Young Lives research and policy findings have directly informed both government and public debate on the prevalence and impact of early and child marriage in Peru over many years. Working at the senior level, Young Lives has provided evidence and advice through numerous presentations, briefings, research and policy outputs to representatives of key government ministries – including the Ministry of Women and Vulnerable Populations (MIMP), Ministry of Education (MINEDU) and Ministry of Health (MINSA) – alongside international organisations such as UNFPA and UNICEF, NGOs such as Plan International, and a range of leading academics.

Notably, Young Lives evidence was directly cited in the Parliamentary Bill presented to Congress on 29 September 2022, at the initiative of Congresswoman Flor Pablo. In December 2022, the Young Lives Peru team (Vanessa Rojas and Alan Sanchez) were invited by Congresswoman Pablo to present Young Lives findings on early marriage and teenage pregnancy as part of an evidence roundtable discussing the related bill. 

"Young Lives longitudinal evidence on the causes and consequences of child marriage in Peru has been pivotal for driving this important legislative change," Congresswoman Pablo said. "By giving voice to the lived experiences of girls and young women, the study has enabled a much more in-depth understanding of how poverty and entrenched gender norms continue to drive child marriage, particularly among remote and indigenous communities."

High-profile media coverage

Young Lives findings from the roundtable were disseminated in a high-profile article published in Congreso de la Republica on 6 December 2022. Congresswomen Pablo highlighted the vulnerability of girls from poor households, particularly those from indigenous communities, where the highest number of child marriages are currently registered.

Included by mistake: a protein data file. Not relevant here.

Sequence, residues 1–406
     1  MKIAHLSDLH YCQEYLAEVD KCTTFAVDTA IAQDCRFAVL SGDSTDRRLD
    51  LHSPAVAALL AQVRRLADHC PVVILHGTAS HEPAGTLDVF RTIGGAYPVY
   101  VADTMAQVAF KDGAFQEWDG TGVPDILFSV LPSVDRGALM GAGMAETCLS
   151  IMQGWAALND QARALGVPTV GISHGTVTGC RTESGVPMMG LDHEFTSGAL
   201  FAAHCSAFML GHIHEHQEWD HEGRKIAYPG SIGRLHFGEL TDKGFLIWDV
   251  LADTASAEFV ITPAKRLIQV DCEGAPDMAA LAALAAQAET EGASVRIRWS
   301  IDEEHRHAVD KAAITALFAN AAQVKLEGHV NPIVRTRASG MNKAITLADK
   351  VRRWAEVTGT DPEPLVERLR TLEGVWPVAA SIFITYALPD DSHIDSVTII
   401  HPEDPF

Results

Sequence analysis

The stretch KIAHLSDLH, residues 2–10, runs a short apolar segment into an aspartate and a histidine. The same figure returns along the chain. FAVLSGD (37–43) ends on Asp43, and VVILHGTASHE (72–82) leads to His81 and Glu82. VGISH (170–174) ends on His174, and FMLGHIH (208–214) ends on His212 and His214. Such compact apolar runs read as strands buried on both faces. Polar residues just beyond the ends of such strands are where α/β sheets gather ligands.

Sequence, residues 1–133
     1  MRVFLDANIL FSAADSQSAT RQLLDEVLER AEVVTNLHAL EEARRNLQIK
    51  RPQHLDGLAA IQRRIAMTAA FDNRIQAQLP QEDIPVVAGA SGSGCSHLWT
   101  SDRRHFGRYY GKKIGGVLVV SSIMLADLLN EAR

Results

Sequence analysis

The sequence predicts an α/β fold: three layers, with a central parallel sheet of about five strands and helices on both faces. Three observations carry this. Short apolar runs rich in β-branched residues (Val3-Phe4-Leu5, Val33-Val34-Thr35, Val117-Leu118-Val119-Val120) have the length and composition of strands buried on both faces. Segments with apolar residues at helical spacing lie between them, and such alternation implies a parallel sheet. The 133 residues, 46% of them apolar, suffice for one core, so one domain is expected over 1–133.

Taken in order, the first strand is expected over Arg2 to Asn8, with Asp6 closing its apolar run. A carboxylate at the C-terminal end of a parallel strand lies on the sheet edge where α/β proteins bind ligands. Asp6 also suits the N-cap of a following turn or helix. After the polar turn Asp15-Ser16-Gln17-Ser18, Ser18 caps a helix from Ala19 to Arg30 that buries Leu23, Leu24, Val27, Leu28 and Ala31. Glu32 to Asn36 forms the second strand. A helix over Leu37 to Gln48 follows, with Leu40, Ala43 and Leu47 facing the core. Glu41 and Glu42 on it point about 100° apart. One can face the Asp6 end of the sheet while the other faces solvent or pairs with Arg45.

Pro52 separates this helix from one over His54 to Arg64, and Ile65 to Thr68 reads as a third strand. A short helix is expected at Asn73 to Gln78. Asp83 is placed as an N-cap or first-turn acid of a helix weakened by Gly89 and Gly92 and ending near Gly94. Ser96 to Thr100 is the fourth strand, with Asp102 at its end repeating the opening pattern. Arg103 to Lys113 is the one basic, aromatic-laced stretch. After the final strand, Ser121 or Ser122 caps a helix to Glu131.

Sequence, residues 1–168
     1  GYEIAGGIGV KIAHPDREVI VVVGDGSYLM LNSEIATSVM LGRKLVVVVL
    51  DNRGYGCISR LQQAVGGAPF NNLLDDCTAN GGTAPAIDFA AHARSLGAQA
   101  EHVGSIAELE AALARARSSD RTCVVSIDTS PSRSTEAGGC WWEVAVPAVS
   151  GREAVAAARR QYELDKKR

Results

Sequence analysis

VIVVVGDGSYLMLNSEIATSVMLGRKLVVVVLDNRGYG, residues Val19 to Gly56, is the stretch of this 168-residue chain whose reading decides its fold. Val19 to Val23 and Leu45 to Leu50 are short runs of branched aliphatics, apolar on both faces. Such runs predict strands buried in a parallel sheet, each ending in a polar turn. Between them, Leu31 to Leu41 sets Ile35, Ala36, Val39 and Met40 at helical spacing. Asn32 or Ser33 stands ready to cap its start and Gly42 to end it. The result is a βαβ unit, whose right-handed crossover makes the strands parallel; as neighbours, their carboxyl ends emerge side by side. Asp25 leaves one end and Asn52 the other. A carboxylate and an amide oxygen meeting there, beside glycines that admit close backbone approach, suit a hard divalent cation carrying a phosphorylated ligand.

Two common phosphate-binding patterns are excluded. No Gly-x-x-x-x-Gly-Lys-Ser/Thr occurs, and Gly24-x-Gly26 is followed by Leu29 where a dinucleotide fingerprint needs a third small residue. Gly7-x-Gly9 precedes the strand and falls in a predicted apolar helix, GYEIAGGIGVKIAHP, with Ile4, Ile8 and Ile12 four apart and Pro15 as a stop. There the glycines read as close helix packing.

Wider media coverage citing Young Lives evidence over recent years has included numerous articles in the national press and high-profile blogs by leading academics and commentators, including in La República and more recently in El Comercio.

Looking forward

While the change in Peru’s legislation is a very important step in protecting young girls from child marriage, Young Lives evidence shows that legislation alone is not enough, as discussed in a recent Young Lives Peru article in El Comercio (authored by Vanessa Rojas), and highlighted in recent work in India. Tackling the underlying causes of early marriage and parenthood involves addressing a range of factors associated with poverty and inequality, and addressing persistent social norms which discriminate against girls and young women, particularly among poor and marginalised communities. Effective approaches need to respond to local circumstances and further research is required to ensure that targeted interventions are underpinned by robust evidence of what works in different contexts.

Importantly, ensuring that a diversity of voices and lived experiences inform changes in legislation and related policy implementation is vital to deliver lasting positive change. A new multisectoral national plan to reduce the rate of teenage pregnancy, a consequence of child marriage and early cohabitation, is currently being developed in Peru. Ensuring this is successfully implemented will require strong political will and engagement across whole communities, including working with men and boys.

For further information on the Young Lives evidence and how it was referenced in the team’s engagement with the Peruvian Congress, access a longer version of this case study here.